“Where it isn’t possible to allow traffic to pass, motorists and cyclists should remember they are likely driving only a few miles or to the next field opening, so be patient, give agricultural vehicles room to turn, and don’t drive too closely to them.

“Rural roads are not only the gateway to our countryside, they are also the arteries of our agricultural industry and support the harvesting that feeds the nation. Tragically, there were over 1,000 rural road deaths last year, so we’re urging everyone to consider how their behaviour can make countryside roads safer for everyone,” the rural road safety specialist added.

Helpful advice

NFU Mutual’s Rural Road Safety Report, published last year, analysed the latest Department for Transport full year figures and found there were over 1,000 deaths on rural roads in 2022.

NFU Mutual’s guide to respecting rural roads during this year’s harvest season :

All road users  

  • Give plenty of space when overtaking. Vulnerable road users, such as walkers, runners, horse riders and cyclists, should be given as much room as motorists where possible. Do not overtake if there is a solid white line on your side of the road. 
  • Always check for other road users, particularly at the entrance of fields and junctions.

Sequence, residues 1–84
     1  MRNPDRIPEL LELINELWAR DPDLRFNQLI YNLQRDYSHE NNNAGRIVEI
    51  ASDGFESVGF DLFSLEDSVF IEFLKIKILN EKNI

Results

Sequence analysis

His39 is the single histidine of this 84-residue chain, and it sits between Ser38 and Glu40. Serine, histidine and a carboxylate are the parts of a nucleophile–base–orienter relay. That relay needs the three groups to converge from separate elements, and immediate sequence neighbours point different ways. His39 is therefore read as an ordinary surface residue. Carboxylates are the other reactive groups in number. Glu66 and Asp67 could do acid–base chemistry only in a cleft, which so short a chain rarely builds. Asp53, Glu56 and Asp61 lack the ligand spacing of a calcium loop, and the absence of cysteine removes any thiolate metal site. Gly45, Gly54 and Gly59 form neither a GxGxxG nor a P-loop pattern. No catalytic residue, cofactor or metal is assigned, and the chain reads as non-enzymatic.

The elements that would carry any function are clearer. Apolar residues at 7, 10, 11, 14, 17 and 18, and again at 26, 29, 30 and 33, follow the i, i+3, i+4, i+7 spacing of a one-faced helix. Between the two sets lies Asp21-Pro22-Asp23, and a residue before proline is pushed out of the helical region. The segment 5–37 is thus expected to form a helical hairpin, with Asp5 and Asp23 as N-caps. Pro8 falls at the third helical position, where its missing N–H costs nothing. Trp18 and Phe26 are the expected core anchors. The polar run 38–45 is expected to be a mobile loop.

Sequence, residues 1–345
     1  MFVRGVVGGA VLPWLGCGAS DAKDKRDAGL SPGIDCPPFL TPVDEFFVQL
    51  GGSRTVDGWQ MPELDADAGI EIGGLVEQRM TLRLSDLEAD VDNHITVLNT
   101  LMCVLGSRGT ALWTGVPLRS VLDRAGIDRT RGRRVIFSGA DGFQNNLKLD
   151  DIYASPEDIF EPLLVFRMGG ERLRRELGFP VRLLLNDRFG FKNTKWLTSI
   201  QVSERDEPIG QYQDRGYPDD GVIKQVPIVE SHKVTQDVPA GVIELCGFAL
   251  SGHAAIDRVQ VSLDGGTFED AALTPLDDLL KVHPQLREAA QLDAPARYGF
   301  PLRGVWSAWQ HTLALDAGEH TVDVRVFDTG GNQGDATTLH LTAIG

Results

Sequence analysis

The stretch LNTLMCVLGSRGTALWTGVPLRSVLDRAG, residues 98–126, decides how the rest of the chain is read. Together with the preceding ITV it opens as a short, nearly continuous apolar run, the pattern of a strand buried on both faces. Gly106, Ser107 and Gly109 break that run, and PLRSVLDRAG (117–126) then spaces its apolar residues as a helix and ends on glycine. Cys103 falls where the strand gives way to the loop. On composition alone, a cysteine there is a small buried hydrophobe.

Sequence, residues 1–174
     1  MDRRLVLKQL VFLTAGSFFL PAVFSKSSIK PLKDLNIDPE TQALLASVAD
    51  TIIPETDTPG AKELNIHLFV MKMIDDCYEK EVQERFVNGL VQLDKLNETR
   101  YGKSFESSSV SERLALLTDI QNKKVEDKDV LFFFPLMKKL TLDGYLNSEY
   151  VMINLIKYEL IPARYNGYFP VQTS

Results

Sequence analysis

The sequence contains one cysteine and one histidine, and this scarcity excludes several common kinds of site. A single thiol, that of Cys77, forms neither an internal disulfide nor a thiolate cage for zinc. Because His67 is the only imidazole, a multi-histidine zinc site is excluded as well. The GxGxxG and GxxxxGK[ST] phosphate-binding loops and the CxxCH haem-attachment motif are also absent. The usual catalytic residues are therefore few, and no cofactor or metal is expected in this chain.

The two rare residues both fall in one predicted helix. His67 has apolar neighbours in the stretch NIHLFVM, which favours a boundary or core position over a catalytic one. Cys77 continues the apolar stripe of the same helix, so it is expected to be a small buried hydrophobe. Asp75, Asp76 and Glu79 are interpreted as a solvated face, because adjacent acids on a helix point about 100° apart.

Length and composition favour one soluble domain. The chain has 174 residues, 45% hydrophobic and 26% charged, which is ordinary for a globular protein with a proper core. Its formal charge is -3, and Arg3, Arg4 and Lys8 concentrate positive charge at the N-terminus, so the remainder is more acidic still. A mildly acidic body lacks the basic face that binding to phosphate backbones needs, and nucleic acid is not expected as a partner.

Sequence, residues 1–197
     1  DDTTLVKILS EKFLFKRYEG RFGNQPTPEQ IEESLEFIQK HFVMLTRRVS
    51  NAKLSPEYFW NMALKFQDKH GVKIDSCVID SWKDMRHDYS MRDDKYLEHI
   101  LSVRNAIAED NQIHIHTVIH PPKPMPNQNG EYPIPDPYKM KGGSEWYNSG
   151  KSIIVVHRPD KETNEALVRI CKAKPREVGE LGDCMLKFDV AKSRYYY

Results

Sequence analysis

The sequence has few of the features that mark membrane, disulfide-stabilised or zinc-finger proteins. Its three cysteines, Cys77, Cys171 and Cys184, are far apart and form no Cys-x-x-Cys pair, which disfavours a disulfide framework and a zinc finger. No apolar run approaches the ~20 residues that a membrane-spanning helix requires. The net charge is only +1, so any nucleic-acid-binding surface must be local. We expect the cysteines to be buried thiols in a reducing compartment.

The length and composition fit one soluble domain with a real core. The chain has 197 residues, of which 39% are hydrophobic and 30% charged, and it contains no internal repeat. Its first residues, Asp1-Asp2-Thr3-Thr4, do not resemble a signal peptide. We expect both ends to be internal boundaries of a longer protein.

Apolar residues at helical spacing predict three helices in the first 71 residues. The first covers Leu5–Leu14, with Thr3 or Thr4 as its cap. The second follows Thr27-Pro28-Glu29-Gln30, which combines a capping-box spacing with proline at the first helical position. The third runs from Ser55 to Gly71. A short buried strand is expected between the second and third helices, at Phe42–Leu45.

• Be patient with fellow road users and only overtake when it is safe for all road users.  
  • Consider where you park to avoid blocking field entrances or obstructing the road for wide agricultural machinery, such as combine harvesters, as they will often need to drive across two lanes. 
  • Be aware of mud on the road. Rural roads are essential to our farming industry and therefore some mud will be dragged from fields to the road.  
  • Familiarise yourself with the Highway Code. 
  • Avoid unnecessary distractions like looking at your phone or listening to music through headphones, allowing you to be aware of your surroundings.  


  • Ensure all equipment is road worthy and pay particular care to things like trailers which may not have been used for months. Check brakes and indicators and make sure you have reflectors and a beacon for your vehicle. Use the Tilly Checklist to inspect your trailer. 
  • Be aware of vulnerable road users or hidden junctions, making contractors aware of these junctions and commonly-used walking, cycling and riding routes. 
  • Familiarise yourself and your contractors with the speed limits for your vehicles. 
  • If your agricultural vehicles leave mud in the road, remember to clean it up. 
  • When turning, indicate in plenty of time and check more than once for road users on your inside. 
  • Be respectful to fellow road users, but only allow them to pass when it is safe to pull over.   

Pedestrians, cyclists and motorists 

  • Speed limits are not targets. Always drive appropriately and remember rural roads are likely to have hazards such as tighter carriageways, blind corners, and animals in the road. 
  • Pedestrians, cyclists and horse riders should consider wearing appropriate clothingwhich enables them to be seen. 
  • Respect that rural roads are vital to our farming industry and expect to encounter tractors, farm machinery or animals in the road. 
  • Signal correctly and in plenty of time, whether you are a motorist, cyclist or horse rider.